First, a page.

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Ventricular Tachycardia in Dogs and Cats

Ventricular tachyardia in dogs and cats

Tachycardia is a medical term for rapid heart rate. When tachycardia originates from the ventricles of the heart, it is known as ventricular tachycardia (VT or V-Tach). It is a serious form of arrhythmia (irregular heartbeat) that can develop into a life-threatening problem. Dogs and cats with severe VT have higher risks for sudden death. Keep reading to learn more.

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Common Causes of Ventricular Tachycardia in Dogs and Cats

Ventricular tachycardia can develop with or without structural disease of the heart. Disorders that cause VT may be cardiac in origin (primary), or it can be secondary to a generalized problem. It can also be hereditary. In a structurally normal heart, VT may occur as hereditary arrhythmias (irregular heartbeats).

When VT is associated with abnormalities of the heart muscle, the most common causes include cardiomyopathy (heart muscle disease), myocarditis (inflammation of the heart), or heart valve disease. In dogs, VT is a common cause of arrhythmias.

If ventricular tachycardia is not hereditary, all age groups can develop the condition.

Common Causes of VT include:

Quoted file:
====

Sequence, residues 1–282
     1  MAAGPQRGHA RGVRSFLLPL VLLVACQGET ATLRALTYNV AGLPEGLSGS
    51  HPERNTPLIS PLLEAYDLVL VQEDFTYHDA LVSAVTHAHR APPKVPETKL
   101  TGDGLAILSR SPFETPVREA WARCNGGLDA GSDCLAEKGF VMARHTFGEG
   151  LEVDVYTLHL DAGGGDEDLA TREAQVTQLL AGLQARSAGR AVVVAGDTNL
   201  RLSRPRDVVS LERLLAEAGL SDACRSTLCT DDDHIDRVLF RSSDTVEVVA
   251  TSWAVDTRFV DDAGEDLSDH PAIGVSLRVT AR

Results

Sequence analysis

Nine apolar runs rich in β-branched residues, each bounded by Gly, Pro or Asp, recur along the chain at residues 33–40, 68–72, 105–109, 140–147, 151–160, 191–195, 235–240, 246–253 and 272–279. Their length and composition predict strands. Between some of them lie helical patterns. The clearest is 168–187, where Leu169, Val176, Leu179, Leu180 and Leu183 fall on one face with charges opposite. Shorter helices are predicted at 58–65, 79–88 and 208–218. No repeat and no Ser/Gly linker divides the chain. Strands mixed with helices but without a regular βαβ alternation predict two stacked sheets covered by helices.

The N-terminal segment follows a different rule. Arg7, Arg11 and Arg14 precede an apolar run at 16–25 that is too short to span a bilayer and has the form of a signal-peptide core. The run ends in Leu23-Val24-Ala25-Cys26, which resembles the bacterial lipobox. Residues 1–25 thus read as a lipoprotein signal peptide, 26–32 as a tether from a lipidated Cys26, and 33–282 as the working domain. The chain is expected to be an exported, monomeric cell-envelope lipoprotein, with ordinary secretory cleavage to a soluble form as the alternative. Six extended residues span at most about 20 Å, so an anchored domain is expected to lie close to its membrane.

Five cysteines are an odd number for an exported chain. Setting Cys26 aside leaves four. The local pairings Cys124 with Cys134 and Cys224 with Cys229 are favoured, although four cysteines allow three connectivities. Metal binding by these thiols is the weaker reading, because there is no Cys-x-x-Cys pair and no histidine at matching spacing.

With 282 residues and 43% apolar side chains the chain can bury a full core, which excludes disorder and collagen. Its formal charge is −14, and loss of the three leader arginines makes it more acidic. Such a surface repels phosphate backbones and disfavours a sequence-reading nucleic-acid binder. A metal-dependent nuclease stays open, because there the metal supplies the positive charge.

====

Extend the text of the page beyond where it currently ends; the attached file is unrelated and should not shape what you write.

• Cardiomyopathy (heart muscle disease)
  • Congenital heart defects
  • Chronic disease of the heart valves
  • Gastric dilatation (caused by a buildup of gas and/or fluid in the stomach), and subsequently volvulus (the stomach rotates on its axis) - the condition is commonly known as “bloat
  • Myocarditis (inflammation of the heart muscle usually caused by an infection)
  • Trauma to the heart
  • Toxicity from heart medication (such as Digitalis)
  • Hyperthyroidism (increased thyroid hormone levels) in cats
  • Heart tumors (such as hemangiosarcoma)
  • Pancreatitis (inflammation of the pancreas)

Risk Factors

  • Hemangiosarcoma (a type of malignant cancer) of the heart or spleen
  • Acid-base imbalances
  • Hypoxemia (low oxygen levels in the blood)
  • Hypokalemia (low potassium levels in the blood) or hyperkalemia (high potassium levels in the blood)
  • Hypomagnesemia (low magnesium levels in the blood)

Breed Predilections

Ventricular tachycardia can occur in dogs and cats with primary heart disease. It is commonly seen in large-breed dogs with cardiomyopathy, such as arrhythmogenic right ventricular cardiomyopathy (common in Boxers) or dilated cardiomyopathy (common in Doberman Pinschers).